God is such a good Father, and I know it’s only His grace that has allowed me to transition well into big-and-busy American life.  The struggle is there, but so is He.  And He outweighs the pain with His grace and love every time, and leaves me so thankful for His Africa and the journey He allowed me to walk through there.   

Thursday, July 7, 2016

Welcomed Home

            Home I am, and find myself doing very well.  It’s such a blessing that the afternoon and evening went decently smoothly and I didn’t collapse into I-cant-handle-America convulsions, 
as I just may have feared I might.  

The plane’s wheel hit the runway with a jolt and thrust me back into a life that was familiar and yet felt a million years away at the same time.  Even so, I smiled in genuine excitement, and my heart raced as I it hit me for the 27th time that I was so close to seeing my people and squeezing them tight.

  I scurried from the terminal I had entered five weeks and three days before at the start of my adventure, and within minutes was running through the gate into my family’s arms.  And then there I was, there we were, as it nothing had ever changed and I hadn’t been away for a month and a half.  We hugged each other tight and laughed at the fact that it was all so weird that I was actually home, that after all the waiting and traveling I was really back.  
We grabbed my bags and took off for subs and McFlurries before traveling the last leg 
of the journey home to a beautifully decorated house that celebrated that I was back with birthday banners, balloons, ribbons, and drawings.  Made me a little teary as I realized for the 392nd time just how much these people love me, and just how much I love them back. 

The time change and jet lag are hitting hard, but coffee and quite early mornings have been ordained by Jesus and my Momma, and take them I will.  It’s been quite a journey, and it’s wonderful and heart wrenching to be back.   The trip processing is going to run into 
full swing within the next couple hours.  
FYI, if you have an a free afternoon and have the strange desire to drink coffee, listen to a million stories, and go through a billion photos, let me know.  I have just the opportunity for you J. Until then, much love to you all.   

Instagram saw it first, but I truly have missed ice cream and little minion brothers :)

Wednesday, July 6, 2016

Kissing South Africa Goodbye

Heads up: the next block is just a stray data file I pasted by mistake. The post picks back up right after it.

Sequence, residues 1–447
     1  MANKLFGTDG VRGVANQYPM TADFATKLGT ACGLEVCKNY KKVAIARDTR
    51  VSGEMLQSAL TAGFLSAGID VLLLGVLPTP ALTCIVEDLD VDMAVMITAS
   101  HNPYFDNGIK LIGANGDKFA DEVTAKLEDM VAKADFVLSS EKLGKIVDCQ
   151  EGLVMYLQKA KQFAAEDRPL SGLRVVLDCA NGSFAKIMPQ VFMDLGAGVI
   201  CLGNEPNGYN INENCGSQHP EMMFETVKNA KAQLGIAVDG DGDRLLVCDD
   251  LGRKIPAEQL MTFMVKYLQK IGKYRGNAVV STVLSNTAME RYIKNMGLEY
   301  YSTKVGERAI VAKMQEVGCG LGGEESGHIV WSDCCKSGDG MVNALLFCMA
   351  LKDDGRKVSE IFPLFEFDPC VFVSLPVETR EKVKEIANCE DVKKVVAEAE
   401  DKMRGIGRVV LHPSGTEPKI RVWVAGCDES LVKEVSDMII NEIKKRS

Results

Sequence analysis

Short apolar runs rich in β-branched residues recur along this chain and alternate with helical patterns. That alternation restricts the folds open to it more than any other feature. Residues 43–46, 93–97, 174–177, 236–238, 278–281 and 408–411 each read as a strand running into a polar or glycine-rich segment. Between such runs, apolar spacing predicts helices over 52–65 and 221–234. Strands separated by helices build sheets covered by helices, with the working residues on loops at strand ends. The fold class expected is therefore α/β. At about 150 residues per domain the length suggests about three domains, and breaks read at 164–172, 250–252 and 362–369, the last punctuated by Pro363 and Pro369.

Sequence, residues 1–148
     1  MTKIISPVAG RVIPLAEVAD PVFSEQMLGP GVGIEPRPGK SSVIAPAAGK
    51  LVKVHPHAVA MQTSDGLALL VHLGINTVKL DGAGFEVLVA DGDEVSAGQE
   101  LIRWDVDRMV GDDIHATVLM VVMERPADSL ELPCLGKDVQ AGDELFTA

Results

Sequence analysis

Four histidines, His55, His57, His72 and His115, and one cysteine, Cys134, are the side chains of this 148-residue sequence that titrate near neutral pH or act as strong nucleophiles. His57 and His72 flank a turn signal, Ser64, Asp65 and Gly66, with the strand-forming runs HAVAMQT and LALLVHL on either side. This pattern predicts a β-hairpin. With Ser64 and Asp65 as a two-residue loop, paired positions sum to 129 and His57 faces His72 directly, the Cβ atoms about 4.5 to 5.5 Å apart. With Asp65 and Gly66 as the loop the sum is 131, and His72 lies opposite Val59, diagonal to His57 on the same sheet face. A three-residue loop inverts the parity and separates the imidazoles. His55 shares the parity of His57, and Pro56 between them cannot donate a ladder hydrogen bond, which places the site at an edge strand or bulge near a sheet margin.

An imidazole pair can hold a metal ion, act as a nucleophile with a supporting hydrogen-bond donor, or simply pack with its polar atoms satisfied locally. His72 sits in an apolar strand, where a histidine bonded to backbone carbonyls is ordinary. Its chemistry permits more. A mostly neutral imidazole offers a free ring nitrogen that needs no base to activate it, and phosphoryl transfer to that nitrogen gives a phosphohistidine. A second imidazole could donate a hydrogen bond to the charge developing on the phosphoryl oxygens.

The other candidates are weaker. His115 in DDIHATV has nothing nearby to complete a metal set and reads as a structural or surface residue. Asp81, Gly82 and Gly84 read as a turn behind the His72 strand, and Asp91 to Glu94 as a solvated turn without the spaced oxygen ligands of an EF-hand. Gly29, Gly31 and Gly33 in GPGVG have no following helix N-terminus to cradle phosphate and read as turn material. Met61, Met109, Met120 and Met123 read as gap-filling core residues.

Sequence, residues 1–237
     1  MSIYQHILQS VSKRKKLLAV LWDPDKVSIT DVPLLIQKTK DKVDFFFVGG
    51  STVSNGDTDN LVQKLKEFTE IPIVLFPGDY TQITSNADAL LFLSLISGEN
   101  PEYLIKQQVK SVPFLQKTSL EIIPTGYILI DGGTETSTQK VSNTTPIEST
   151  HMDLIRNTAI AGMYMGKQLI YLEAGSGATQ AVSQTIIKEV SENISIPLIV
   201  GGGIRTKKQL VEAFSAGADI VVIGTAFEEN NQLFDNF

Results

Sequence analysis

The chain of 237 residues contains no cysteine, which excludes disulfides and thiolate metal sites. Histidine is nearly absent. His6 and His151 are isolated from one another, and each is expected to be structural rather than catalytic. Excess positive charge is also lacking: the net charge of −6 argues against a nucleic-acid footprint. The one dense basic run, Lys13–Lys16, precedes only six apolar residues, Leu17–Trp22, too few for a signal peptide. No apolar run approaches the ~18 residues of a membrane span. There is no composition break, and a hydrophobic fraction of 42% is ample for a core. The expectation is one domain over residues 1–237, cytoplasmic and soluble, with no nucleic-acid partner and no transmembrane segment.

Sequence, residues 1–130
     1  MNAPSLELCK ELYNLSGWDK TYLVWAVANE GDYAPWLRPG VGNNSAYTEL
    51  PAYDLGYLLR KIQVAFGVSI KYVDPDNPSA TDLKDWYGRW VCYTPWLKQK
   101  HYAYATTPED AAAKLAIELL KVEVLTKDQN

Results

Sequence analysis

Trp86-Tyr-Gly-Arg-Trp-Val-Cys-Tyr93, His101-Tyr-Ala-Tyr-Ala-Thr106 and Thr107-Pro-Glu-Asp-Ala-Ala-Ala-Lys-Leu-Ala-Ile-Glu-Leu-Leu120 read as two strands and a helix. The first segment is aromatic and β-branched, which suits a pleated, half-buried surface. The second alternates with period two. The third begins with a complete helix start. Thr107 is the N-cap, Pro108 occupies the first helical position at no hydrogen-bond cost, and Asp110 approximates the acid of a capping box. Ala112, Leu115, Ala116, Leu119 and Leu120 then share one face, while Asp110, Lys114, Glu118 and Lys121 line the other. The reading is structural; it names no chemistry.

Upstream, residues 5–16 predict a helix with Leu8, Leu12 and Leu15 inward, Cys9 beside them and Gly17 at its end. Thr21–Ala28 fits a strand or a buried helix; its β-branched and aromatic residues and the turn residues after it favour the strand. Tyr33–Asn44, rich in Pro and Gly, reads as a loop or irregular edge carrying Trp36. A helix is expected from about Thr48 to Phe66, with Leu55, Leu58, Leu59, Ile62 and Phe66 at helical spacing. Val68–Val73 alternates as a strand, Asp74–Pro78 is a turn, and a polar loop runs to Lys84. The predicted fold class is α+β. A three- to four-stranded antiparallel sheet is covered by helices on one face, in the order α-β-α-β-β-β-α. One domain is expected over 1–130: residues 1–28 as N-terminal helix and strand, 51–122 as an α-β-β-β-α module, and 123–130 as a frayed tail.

excerpt from my journal on July 5th, 2016 – 5:46 Johannesburg, SA time

            So funny to think that I’m still in South Africa.  
Even now my grand adventure seems like a distant dream to me, and the reality of it leaves me teary.  Yes, here I sit in the Johannesburg South African airport, yet my heart hurts as I begin to grieve Africa already.  
This is weird to me.  
I’ve known and thought I had accepted and understood the fact that I would be leaving.  I wasn’t really eager to go, but I looked forward to seeing everyone back home.  The many videos, pictures, and trips to the lake made me long for them and for summer.  I was ready to go home,
 ready throw myself into fun, summery things.  
But now I find that my heart is breaking with loss I hadn’t anticipated.  
I miss everyone desperately.  
I don’t want to give them up yet… I don’t want to give me up.  Leaving Africa, I’m realizing, means leaving part of me.  Life wasn’t all bliss and beauty here.  Days were hard and long, frustrated me, and made me want to curl up and sleep to escape the exhaustion of the struggle I was beginning to realize.
  Yet this was my life, my beautiful African life.  The life where I became a little missionary, where I became a stand-in momma to many precious children. 
 I was ready to get away from the struggle, but right now 
I’m missing home, missing Africa.  I want to be back.  
While at the airport, I noticed the African sun setting, and realized it would be the last one I’ll see for a while.  The beauty of it was stunning, as it always is, and out came the camera for a one last photo.  The phone clicked as the photo was captured, and I shoved it into my pocket.  
My smile faded then, and I sat down in the airport waiting room, realizing that my eyes were heavy and my heart was sad.  Yes, I am leaving.  I am leaving Africa, and right now, it just hurts